Fae deepened her smile, showing her teeth. Funny how people said that. Smile, show your teeth. A threatened dog showed its teeth too. She inhaled sharply and adjusted her smile. It felt fake, plasticky. She wavered between the word smile and grin, then decided it didn’t matter. Poise was all that mattered. She pulled her back straight, lifted her chin, released her stiff hands gracefully, ever so gracefully to hover at her side and smiled.
Third position. Plie. Smile.
“You don’t dance around the pain, darling. That never helps. You acknowledge it, then you laugh at it, and then you dance through it,” Brad gripped her upper arm so tightly that she cried out in pain.
“Why are you doing this to me?” she cried.
He shrugged. “Do you want this job or not?”
“Of course I want it.”
“Then do as I say.”
“But it hurts so much.”
“If you can’t handle it, go home. Go home, Fae. Give it up.”
“I’m not giving up, Brad.”
Brad watched as she pulled herself up again, wincing at the pain in her muscles, the sting of torn skin. He nodded his grim approval as she stood ready and poised again, her wide smile drenched in salty tears.
Pirouette sur les pointes. Spot. Smile.
She massaged her aching legs surreptitiously, her eyes scanning the studio. The muscle spray was on the highest shelf, way out of reach. There were days she wished she were taller, that she didn’t still look like a child. Brad walked in and frowned at her.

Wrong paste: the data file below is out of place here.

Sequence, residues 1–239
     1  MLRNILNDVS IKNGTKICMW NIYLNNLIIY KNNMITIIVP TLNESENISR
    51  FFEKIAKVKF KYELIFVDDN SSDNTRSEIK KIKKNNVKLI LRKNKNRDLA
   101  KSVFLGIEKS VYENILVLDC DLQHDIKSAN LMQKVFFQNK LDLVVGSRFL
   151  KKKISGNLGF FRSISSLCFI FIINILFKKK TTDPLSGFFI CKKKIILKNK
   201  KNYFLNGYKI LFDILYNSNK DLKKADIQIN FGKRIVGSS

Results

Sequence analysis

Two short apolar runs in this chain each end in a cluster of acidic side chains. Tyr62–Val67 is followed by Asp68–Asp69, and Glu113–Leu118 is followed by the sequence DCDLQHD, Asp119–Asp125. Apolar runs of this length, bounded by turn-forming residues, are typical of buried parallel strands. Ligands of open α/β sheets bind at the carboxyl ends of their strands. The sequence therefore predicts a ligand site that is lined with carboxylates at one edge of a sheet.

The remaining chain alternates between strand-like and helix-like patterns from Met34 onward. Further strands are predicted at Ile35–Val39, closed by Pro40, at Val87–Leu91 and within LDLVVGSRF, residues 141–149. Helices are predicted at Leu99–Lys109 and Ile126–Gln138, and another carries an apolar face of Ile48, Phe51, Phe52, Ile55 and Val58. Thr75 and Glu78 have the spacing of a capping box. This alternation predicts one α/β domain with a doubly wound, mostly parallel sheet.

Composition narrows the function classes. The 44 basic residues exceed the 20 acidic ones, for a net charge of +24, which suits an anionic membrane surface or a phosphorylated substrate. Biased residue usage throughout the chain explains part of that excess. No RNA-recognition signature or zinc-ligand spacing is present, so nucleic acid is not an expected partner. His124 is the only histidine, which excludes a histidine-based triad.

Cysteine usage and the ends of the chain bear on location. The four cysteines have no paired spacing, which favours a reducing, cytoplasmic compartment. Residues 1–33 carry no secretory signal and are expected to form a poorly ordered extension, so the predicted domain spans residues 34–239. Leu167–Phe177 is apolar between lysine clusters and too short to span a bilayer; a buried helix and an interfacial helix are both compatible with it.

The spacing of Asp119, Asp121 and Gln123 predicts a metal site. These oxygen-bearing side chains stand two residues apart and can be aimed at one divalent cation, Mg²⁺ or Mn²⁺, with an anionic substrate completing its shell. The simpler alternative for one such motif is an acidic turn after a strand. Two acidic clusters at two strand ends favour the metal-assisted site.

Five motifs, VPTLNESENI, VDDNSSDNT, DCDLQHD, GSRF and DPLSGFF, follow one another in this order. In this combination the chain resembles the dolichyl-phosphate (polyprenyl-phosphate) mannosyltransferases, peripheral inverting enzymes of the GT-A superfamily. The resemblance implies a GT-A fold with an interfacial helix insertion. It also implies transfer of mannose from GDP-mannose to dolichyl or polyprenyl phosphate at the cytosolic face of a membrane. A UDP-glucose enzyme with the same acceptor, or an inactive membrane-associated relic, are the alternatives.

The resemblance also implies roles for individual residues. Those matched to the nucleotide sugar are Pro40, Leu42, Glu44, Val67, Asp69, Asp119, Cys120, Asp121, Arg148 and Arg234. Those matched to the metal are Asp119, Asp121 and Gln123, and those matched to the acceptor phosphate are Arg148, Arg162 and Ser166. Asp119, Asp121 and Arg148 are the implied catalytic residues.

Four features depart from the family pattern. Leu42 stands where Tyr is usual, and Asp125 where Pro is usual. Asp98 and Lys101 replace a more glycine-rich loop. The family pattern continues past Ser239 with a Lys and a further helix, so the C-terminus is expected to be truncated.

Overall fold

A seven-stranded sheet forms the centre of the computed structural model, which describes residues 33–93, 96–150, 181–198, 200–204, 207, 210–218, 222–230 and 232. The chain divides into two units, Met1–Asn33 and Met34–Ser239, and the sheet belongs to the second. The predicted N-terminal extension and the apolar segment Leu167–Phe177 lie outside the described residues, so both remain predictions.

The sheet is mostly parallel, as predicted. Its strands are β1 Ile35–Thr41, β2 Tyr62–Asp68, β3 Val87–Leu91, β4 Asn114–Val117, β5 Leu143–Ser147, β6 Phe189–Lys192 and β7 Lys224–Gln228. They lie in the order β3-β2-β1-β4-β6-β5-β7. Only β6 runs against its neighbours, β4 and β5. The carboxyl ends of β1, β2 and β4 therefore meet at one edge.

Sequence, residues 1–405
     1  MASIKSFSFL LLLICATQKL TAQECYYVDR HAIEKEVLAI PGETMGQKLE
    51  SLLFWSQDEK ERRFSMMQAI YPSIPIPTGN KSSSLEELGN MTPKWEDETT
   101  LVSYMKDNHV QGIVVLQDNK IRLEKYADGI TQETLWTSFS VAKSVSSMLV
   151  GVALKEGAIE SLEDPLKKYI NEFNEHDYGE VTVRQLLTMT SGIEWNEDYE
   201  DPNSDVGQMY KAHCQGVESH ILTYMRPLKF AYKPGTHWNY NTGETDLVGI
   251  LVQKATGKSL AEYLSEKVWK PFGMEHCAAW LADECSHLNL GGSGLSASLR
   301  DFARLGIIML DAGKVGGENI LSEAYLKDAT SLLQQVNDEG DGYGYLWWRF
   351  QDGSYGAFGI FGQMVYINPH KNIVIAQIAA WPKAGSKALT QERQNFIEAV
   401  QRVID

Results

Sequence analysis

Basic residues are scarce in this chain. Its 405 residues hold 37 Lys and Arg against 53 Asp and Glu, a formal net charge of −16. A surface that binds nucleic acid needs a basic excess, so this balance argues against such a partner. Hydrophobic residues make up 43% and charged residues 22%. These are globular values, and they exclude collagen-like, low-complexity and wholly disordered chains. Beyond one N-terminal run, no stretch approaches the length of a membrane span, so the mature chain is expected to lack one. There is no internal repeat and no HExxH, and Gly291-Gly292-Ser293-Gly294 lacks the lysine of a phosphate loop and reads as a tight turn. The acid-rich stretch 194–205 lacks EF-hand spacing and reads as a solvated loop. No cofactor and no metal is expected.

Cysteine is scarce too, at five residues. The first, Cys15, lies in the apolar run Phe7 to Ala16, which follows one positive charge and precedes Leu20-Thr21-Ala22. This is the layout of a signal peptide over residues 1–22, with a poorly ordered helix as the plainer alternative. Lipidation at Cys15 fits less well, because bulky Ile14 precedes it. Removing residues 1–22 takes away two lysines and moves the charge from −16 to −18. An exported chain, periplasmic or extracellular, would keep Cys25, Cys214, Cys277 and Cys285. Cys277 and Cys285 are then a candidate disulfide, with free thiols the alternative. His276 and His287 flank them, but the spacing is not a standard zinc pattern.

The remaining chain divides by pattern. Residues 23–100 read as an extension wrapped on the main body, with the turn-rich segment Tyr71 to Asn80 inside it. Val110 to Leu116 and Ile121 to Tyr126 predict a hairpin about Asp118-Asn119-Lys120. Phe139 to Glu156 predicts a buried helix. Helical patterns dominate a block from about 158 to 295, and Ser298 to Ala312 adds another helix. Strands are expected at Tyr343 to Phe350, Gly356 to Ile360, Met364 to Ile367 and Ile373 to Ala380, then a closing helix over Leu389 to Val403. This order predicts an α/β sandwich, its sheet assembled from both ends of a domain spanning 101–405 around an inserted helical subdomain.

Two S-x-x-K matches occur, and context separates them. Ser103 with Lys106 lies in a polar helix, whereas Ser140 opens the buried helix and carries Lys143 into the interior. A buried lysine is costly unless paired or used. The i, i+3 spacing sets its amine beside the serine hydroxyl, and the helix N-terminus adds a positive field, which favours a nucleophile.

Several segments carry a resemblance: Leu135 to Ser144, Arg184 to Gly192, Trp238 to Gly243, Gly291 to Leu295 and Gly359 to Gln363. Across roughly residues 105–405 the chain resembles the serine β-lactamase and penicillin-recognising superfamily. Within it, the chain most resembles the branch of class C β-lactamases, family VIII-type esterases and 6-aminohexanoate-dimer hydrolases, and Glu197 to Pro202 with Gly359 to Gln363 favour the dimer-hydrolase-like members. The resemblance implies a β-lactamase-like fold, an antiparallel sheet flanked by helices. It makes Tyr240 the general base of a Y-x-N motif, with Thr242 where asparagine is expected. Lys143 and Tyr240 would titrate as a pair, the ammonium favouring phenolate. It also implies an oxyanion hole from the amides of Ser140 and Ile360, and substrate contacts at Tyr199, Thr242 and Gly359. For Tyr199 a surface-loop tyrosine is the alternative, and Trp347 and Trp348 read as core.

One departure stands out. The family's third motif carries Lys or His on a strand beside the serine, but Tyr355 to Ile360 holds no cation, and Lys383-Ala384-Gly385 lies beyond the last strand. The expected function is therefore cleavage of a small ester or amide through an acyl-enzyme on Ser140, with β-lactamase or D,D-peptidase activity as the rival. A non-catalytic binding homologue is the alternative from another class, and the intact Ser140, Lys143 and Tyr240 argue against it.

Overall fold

“Sorry,” she mumbled, scrambling to her feet.
To her surprise, he walked over to the shelf, picking up the spray she had been eyeing. He gestured for her to sit, kneeling beside her. She wanted to cry with the relief his gentle kneading brought her.
“You don’t have to be strong alone.”
“But you said -”
“Not all dances are solos.”
Volte. Corrida apart.
“You don’t understand.”
“What is there to understand?”
“I don’t love you.”
“Give me a chance. Please.”
“It has nothing to do with that. I just… I just can’t.”
“Tell me why. Please, Fae.” He knelt before her, grasping her hands. She pulled away.
“I still love him, Brad. I’ve never stopped loving him. I can’t. I don’t know why.”
“But he’s gone.”
“And you killed him. It was your fault. Don’t bother telling me otherwise. I know.”
“It was an accident.”
“You were drunk!”
“He was worse!”
“Oh, so that’s justification for driving drunk? The least drunk person needs to drive?”
“I didn’t mean it that way.”
“I don’t care. He’s gone because of you. That’s all I know. I’m sorry.”
Allonge, facing him.
She drew herself up straight again, feeling for all the world like a puppet on a string. She thrust her chin out, roughly at first, then gently settling into a familiar pose. Her hands clenched compulsively, but she forced them open, tautly at rest. Body poised, she set her face.
So I had this dance theme in my head since last week's Broadway show. I don't really know much about dance terms, so I googled, with most of the stuff coming from this site.
To all real dancers out there, sorry if it doesn't make sense. Also, pointers would help.
Also, this piece is exactly 500 words because I said I would write 500 words before bed.